Annie Ruth Black Watkins was born November 13, 1940 to the late J. L. and Annie Oneida (Baptist) Black in DeSoto County Mississippi; but grew up in Capleville, Tennessee. Life in St. Louis, Mo. began in July, 1967. She made her transition on January 31, 2021.
At the age of 10 years she saw the need to publicly express her personal relationship with and reliance upon God. Annie united with Oakville Missionary Baptist Church under the pastorate of the late Rev. H. J. Thompson. The spiritual guidance of loving parents, grandparents and community members enabled her to grow and flourish as an extremely intelligent, responsible and dependable young lady. She became a member of Ephesus M. B. Church (presently "The Afrikan Village- Temple #1) she served in many capacities: Youth Director, Sunday School Teacher, Director of Christian Education, Hospitality Chairperson, Sick Committee member, Bereavement Chairperson, Ordained as a Deacon, Historian, and Elder's Council.
Education in the Shelby County Public School system in Tenn. led to her matriculation at Tennessee A.& I. State University where she earned a Bachelor of Science degree in 1962 and a Master of Science degree in Science Education in 1964. Post-Graduate study was done at Southern Illinois University; University of Missouri-St. Louis (General Administrative Credentials: (Missouri and Illinois); Northwestern University's Early Man Scholars Program in Archeology where she helped to dig "The Audrey Site" in Kampsville, Illinois; George Peabody College in Nashville, Tennessee (Steady State Physics). The University of California at Berkeley as a SEPUP Fellow; Monsanto Company as a Research Assistants Fellow; Trade Waste Incineration as a Teacher Intern; Region 7 Coordinator for The Illinois Academic Decathlon and a part-time Bank Teller for Bank of America.
Married to the late Charles Watkins, for "thirty-two brief years" as she often described it after his untimely death in 1995, to this union two loving, and gracious children (Darryll Charles Watkins and Djuana Chaunette Baer) were born.
Teaching the Physical Sciences was her specialty and/or profession; but "touching lives and enjoying it" was her philosophy. In District 189, she served as the first African American chairperson for the Science Department and as Academic Coach and Assistant Girls Basketball Coach. She served the District well and was named as "Master Teacher"; nominated for The Presidential Award for Excellence in Science Teaching and was honored with a Mayoral Proclamation upon her retirement, as well as being a member of Who's Who in American Education. She retired from teaching in 1997 from East St. Louis Senior High School after contributing 33 years to the field of Education with over 10,000 minds empowered and multiplying exponentially. Keenly aware of the fact that "God Is".., she faced all endeavors with confidence and faith; assured that God's omniscience, omnipotence and omnipresence were sufficient to achieve whatever is efficaciously predestined in life.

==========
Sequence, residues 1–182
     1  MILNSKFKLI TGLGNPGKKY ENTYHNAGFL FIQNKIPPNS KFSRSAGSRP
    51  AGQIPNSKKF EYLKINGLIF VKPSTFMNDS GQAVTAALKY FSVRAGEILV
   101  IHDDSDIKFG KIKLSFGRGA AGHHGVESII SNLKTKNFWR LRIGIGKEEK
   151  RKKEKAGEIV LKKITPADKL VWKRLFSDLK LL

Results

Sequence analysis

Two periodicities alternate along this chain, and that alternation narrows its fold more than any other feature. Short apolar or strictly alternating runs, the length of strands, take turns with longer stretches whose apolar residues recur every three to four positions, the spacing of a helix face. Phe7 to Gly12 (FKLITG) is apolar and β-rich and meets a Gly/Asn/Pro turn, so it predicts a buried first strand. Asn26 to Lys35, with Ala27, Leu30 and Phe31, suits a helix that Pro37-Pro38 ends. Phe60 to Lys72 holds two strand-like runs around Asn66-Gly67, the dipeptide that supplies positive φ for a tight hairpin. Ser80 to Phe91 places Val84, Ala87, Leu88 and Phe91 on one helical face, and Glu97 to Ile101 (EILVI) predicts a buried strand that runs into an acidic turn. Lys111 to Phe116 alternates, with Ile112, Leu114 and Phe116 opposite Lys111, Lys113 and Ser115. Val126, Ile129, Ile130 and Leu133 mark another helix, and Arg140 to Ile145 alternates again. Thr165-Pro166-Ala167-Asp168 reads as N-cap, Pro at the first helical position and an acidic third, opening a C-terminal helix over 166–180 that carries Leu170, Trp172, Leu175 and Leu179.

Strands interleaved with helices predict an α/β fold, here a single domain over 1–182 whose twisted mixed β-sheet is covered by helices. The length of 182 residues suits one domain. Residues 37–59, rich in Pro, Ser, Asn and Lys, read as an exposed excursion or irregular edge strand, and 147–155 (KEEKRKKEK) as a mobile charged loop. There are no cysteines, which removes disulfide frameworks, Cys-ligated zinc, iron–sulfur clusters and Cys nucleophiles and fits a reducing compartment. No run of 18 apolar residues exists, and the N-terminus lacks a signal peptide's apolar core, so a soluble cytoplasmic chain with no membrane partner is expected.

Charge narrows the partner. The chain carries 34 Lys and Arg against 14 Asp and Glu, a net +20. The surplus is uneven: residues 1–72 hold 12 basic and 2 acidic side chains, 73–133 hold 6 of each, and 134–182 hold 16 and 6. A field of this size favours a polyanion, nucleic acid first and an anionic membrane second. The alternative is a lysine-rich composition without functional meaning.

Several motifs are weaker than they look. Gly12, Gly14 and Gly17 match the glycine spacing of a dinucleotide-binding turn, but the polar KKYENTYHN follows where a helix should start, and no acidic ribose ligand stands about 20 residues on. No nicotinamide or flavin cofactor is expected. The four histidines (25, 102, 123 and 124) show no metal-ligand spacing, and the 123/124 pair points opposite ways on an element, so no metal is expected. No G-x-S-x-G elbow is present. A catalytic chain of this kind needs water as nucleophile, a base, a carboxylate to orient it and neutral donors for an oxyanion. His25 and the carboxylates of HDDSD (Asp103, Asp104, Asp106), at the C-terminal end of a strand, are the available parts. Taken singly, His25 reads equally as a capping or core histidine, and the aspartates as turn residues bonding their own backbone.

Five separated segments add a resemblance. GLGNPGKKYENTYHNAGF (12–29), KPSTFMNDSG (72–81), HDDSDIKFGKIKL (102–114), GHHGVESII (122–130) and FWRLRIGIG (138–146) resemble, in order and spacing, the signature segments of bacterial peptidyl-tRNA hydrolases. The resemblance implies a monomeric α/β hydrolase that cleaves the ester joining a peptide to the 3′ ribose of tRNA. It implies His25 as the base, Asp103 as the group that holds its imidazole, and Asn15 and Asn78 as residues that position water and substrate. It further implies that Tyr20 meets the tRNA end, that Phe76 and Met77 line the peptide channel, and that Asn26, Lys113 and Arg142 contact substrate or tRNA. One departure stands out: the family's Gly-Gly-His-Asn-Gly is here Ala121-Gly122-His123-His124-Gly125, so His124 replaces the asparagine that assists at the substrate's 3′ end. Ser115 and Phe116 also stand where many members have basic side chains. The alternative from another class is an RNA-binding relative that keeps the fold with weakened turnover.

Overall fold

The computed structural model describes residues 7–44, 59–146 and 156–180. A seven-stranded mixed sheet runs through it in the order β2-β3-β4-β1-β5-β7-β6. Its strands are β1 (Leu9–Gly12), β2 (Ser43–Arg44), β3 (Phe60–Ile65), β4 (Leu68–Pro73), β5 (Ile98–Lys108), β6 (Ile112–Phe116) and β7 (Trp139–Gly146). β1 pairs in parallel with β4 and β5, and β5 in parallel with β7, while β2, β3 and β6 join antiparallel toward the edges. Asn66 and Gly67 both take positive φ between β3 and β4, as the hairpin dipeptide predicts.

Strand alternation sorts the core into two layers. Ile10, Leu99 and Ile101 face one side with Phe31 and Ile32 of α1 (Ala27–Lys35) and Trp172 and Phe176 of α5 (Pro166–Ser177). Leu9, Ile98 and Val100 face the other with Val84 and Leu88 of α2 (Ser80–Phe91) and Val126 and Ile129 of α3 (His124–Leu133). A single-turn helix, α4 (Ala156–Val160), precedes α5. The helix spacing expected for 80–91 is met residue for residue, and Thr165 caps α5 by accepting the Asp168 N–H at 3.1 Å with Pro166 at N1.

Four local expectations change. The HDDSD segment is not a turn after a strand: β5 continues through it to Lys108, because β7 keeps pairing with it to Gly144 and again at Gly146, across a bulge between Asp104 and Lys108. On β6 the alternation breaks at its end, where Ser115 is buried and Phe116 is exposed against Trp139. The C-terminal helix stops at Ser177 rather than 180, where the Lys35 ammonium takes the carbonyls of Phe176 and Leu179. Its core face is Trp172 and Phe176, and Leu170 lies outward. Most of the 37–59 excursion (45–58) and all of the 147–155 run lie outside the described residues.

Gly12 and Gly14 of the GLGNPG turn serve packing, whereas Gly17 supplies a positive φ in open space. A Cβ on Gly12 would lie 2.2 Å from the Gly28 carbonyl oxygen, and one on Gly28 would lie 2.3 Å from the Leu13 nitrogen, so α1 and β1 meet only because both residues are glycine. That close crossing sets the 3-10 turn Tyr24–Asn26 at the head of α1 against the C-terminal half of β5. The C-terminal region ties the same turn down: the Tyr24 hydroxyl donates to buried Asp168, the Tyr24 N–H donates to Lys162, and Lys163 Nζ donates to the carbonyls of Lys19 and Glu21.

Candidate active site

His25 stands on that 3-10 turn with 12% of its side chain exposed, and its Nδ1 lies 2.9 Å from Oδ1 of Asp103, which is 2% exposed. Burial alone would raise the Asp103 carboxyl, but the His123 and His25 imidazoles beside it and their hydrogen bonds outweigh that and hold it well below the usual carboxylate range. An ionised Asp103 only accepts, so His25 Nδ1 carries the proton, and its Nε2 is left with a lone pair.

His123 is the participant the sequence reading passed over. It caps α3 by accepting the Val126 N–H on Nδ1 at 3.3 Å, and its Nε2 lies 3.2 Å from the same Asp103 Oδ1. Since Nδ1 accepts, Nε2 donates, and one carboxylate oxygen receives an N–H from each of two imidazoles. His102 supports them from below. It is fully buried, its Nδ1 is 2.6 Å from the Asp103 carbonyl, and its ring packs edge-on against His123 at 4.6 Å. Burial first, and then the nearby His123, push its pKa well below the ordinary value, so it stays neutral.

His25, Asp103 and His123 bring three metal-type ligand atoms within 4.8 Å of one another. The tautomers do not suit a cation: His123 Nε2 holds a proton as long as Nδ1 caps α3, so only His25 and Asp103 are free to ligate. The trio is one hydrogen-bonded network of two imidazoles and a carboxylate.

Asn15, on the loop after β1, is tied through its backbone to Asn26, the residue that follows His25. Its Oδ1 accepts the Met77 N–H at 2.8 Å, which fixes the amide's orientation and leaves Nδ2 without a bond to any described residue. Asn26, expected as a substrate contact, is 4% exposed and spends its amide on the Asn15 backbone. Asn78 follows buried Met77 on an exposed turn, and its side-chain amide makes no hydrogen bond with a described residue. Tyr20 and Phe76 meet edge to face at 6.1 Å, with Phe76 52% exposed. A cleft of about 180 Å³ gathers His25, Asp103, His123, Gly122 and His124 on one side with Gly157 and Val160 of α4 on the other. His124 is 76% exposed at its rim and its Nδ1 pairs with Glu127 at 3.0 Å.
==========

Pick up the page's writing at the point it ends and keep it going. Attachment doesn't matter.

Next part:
In her community, she served on many committees on a volunteer basis. As a VITA worker, she assisted the elderly with Income Tax preparation and as an Election Judge.
She leaves a legacy of love, dedication, teaching, touching lives, caring and sharing fond memories to be cherished by her son and daughter in-law Darryll (Tammi) Watkins of Olathe, Kansas, a daughter and son in-law Djuana (Michael) Baer of Ballwin, Mo.; four (4) precious and beloved grandchildren Ashley (Scott) and Parker (LaKeta) Watkins, Alexandria and Ryne Baer. Four (4) siblings who preceded her in death (Melvia, Horace, Ellis, Phyllis) a sister, Shirley Myers of Memphis, Tenn.; a brother Barney Black of Memphis, Tenn.; three loyal sisters -in-law Beverly Taylor (the late Ernest Sr), Shirley A. Watkins of Nashville, Tenn. and Mattie V. Jones (the late Charlie) of Columbia, Tenn. ; one brother-in law Ronald T. (Cochita) Watkins of Mt. Pleasant, Tenn.; a number of aunts-in-law, cousins, nieces, nephews, colleagues, former students, friends, neighbors and members of the Afrikan Village.